MANILA – Consider the Manila run of the global theatrical hit “Les Miserables” a thank you present from its creators to the Filipinos.
At the musical’s gala night on Wednesday at The Theater of Solaire Resort and Casino, composer Claude-Michel Schonberg and producer Cameron Mackintosh joined the cast for the curtain call, as they basked in the prolonged standing ovation from the well-dressed audience.
In a speech, Schonberg thanked the Philippines for sharing its talents to the world, recalling that when he first met Lea Salonga during the Manila auditions for “Miss Saigon” in 1988, she sang “On My Own” from “Les Miserables.”
“We realized that far away in the east, there was a country where ‘Les Miserables’ was already popular,” Schonberg said.
Salonga eventually performed “On My Own” as Eponine in “Les Mis,” and eventually played Fantine as well.
Other Filipinos who have starred in “Les Mis” include Joanna Ampil, who was at the audience and was also acknowledged by Schonberg in his speech; and Rachelle Ann Go, who last year joined the West End production as Fantine – the same role she is playing in the Manila run.
All three joined "Les Mis" after successful stints in "Miss Saigon," also composed by Schonberg.
Finally in Manila
“Les Miserables,” which opened in London back in 1985, is the last of the big mega-musicals of the ‘80s – along with “Phantom of the Opera,” “Miss Saigon” and “Cats” – to be brought to Manila.
Based on the classic Victor Hugo novel about one man’s redemption set against the backdrop of the France’s anti-monarchist rebellion, “Les Miserables” continues to mesmerize theatregoers with its melodramatic story, pop-operatic score and epic sweep.
While Repertory Philippines staged the musical at the Meralco Theater in 1993 with an all-local cast, this touring production running for six weeks at Solaire features a multinational cast from the Australian, UK and New York productions.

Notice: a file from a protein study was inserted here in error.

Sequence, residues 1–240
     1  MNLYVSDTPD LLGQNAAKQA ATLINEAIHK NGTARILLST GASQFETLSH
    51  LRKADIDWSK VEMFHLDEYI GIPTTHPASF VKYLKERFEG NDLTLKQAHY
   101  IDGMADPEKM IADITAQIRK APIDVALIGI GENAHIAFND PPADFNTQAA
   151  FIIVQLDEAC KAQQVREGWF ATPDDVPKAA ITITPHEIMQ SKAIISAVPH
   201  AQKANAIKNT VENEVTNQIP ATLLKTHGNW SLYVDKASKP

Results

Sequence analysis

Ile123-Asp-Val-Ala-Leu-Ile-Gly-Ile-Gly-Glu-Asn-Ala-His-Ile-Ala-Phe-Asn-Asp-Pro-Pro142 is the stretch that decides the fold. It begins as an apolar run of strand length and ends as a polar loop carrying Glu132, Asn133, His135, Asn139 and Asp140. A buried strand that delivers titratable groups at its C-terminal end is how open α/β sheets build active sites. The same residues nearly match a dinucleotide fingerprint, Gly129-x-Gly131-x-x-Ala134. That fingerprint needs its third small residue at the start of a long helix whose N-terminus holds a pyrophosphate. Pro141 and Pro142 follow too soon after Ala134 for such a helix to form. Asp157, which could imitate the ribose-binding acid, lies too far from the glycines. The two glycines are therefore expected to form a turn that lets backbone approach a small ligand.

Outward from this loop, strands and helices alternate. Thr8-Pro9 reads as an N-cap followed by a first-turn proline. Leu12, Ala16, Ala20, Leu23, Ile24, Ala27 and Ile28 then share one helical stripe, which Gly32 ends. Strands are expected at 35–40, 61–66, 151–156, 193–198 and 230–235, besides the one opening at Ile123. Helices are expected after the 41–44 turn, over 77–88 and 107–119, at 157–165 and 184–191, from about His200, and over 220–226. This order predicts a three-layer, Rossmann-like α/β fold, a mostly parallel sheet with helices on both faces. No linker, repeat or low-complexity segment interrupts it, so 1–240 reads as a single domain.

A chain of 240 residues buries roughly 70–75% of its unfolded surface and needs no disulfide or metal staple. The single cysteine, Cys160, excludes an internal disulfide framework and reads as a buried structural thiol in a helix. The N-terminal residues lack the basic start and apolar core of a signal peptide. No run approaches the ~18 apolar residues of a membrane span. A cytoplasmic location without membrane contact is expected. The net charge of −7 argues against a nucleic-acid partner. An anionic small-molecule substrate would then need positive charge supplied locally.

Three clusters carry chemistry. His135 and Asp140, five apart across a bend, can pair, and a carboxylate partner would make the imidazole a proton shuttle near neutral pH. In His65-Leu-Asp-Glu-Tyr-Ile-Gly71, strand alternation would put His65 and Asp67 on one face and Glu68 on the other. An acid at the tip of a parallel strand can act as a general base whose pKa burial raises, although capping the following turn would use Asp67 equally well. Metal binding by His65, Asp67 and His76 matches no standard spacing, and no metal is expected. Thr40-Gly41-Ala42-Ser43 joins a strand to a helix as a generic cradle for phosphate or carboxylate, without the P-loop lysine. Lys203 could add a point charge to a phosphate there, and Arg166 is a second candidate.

Moreover, this staging follows the current West End and Broadway revivals, which introduced new updates to the musical’s overall look and feel. Notably, the iconic revolving stage has been ditched, while video projections, which included backdrops based on actual paintings by the novelist Victor Hugo, gave the musical a bit of movie magic. This was perfectly utilized to show the underground maze of Paris and in a key scene involving the dogged police inspector Javert.
Despite this, the new design seems intended to emphasize its bleak, heavy setting, as suggested by the worn-out and distressed wooden homes, the muddy costumes and grey skies.
The scenes of Fantine, in particular, play out in gritty and depressing detail and Go certainly provides her with the necessary frailty. Her rendition of the popular “I Dreamed A Dream” isn’t the bombastic, contest piece it has become but a pained cry of hopelessness.
(WATCH: Rachelle wows with 'I Dreamed A Dream')
The despair that envelopes the new “Les Mis,” however, didn’t overshadow the radiant display of talent onstage. While Go is the main come-on for this production, she isn’t the only one who shines.
Among the females, Kerrie Anne Greenland from the Australian production was also excellent as Eponine. Although gifted with powerful pipes, she chose a more emotional approach the musical’s other popular ballad “On My Own.” Such feels in that number.
As her object of affection Marius, Paul Wilkins’ vocal tone is similar to that of Michael Ball but one remembers his big number, “Empty Chairs at Empty Tables” for its gloomy and stark staging.
But “Les Mis” is really about the battle between Jean Valjean and Javert.
Here, Valjean is played by Simon Gleeson from the Australian production, a terrific actor who hit those punishing high notes in the early scenes, notably in the extended Prologue and the dramatic “Who Am I?” with rock-star efficiency. While he was exceptional as the brasher, younger Valjean, he still managed to bring a tear or two with his beautiful rendition of “Bring Him Home.”
While Valjean is the main character, Broadway’s Earl Carpenter stole the thunder on gala night with his masterful performance as Javert. With his full-bodied baritone, Carpenter brings to fore Javert’s moral certitude that is increasingly mired with frustration before collapsing in the face of Valjean’s show of mercy.
The new “Les Miserables” may have toned down the bombast for a simpler, more melancholic feel but the musical has retained its power to wow and move audiences.
More than 30 years after it premiered, Schonberg’s gift continues to keep on giving.